Protein fingerprinting is an analytical technique for protein identification. Each protein has a unique peptide map and hence swerves as fingerprint for the protein. It involves the chemical or enzymatic treatment of a protein resulting in the formation of peptide fragments followed by separation and identification of the fragments in a reproducible manner. It is a powerful test that is capable of identifying single amino acid changes resulting from events such as errors in the reading of cDNA sequences or point mutations.
Protein Fingerprinting Procedure
Four major steps are necessary for the development of the procedure:
1. Isolation and purification of the protein
2. Selective cleavage of the peptide bonds
3. Chromatographic separation of the peptides
4. Analysis and identification of the peptides.
A test sample is digested and assayed in parallel with a reference standard or a reference material. Complete cleavage of peptide bonds is more likely to occur when enzymes such as endoproteases (trypsin) are used, instead of chemical cleavage reagents.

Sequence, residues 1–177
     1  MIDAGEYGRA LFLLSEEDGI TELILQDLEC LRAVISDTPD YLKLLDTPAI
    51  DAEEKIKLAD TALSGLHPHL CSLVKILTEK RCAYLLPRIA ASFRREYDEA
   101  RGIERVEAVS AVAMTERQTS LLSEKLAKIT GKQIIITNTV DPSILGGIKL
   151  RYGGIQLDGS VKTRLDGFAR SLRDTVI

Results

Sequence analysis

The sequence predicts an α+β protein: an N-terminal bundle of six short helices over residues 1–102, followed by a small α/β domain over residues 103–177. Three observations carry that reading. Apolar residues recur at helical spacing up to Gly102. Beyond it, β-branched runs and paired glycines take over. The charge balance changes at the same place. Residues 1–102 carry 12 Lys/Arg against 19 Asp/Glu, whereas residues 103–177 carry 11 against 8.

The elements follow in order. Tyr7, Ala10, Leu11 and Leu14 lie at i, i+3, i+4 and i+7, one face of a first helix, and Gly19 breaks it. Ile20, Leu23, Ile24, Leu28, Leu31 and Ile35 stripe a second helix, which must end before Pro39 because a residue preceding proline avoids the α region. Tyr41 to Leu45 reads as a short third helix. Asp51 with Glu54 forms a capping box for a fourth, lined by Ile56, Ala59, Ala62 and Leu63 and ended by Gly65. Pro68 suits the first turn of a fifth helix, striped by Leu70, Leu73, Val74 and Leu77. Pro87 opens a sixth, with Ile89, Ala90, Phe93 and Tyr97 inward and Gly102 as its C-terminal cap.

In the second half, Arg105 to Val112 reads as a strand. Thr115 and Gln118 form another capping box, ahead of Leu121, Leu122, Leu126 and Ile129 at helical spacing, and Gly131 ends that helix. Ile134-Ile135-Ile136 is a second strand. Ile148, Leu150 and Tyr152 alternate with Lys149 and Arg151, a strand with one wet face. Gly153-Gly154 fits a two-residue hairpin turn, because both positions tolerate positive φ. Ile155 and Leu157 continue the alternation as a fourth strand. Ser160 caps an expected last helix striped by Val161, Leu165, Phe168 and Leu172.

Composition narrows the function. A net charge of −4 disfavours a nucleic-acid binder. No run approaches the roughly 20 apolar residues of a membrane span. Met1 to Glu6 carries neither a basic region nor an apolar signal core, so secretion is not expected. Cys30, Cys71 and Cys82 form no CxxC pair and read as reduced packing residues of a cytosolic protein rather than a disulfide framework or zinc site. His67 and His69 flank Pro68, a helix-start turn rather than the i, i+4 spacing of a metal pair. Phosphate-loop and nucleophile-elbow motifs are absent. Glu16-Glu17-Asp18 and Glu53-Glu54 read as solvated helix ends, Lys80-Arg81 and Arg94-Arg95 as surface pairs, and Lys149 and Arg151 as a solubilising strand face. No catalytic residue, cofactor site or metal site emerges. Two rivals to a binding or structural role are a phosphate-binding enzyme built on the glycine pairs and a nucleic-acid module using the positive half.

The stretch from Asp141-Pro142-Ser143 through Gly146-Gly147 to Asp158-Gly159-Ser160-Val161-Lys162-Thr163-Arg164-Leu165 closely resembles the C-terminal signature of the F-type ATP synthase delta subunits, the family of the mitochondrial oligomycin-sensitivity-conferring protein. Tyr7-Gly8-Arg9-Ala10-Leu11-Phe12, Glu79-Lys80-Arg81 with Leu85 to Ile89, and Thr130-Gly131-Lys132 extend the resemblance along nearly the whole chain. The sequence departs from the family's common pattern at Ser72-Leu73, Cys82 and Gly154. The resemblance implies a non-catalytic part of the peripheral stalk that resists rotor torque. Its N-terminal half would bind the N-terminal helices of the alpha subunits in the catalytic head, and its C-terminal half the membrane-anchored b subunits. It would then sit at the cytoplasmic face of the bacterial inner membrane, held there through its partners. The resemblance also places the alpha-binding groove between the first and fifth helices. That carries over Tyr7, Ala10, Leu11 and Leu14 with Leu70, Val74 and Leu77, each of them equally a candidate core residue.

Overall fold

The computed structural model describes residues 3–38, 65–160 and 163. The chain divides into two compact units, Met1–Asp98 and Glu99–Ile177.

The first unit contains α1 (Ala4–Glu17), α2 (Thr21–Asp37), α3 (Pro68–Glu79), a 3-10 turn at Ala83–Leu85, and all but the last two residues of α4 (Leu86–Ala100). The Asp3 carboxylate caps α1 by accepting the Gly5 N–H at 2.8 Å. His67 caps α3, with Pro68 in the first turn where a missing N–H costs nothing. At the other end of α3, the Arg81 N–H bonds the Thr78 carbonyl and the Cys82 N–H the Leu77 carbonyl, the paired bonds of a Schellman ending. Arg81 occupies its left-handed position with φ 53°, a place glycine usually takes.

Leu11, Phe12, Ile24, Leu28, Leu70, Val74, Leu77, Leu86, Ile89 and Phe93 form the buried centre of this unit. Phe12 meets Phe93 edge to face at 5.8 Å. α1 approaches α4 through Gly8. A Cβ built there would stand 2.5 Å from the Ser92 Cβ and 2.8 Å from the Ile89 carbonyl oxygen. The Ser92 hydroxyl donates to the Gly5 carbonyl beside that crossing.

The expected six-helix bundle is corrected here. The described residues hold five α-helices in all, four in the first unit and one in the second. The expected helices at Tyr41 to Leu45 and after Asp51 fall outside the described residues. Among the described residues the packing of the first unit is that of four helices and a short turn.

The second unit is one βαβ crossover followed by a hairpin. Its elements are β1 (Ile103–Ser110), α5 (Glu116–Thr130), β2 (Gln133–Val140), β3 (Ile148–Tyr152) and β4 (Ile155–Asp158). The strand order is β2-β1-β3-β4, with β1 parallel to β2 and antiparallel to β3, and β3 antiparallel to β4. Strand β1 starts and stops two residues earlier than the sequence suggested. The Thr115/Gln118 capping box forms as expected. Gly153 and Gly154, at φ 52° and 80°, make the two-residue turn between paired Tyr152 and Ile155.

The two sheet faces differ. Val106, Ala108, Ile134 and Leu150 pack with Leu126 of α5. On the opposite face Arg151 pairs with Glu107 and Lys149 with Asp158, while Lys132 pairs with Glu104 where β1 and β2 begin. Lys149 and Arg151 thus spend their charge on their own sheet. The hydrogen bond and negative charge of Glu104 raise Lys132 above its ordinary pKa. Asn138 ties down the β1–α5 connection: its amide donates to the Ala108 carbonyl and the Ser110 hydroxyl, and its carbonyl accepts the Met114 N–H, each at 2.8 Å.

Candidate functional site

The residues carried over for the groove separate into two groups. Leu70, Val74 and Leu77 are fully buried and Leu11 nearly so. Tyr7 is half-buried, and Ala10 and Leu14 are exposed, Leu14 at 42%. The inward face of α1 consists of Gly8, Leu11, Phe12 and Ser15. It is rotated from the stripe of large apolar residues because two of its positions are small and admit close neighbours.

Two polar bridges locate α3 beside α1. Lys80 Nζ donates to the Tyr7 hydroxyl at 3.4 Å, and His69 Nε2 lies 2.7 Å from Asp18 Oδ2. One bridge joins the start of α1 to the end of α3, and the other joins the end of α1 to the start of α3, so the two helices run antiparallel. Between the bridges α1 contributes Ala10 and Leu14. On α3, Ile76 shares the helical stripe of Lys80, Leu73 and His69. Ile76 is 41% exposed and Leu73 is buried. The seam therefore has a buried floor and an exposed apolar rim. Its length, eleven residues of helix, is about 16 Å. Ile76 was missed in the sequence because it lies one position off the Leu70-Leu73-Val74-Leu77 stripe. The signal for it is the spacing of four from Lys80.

Case study: Would you expect hemoglobin having Val substituting Glu at position of Beta chain to cause sickle cell RBCs?
Protein Fingerprinting steps involved:
- purified normal/abnormal protein like Hemoglobin (Hb) is taken in to two separate test tubes.
- enzymatic (like trypsin) treatment is given to both proteins.
- trypsin breaks the peptide bond of lysine and arginine.
- Fragments so obtained are subjected to electrophoresis.
- All the peptides will be similar except the mutated one.
Substitution of valine for glutamic acid will alter the structure of Hemoglobin (Hb) and result in deformation of the cell causing sickle cell anemia.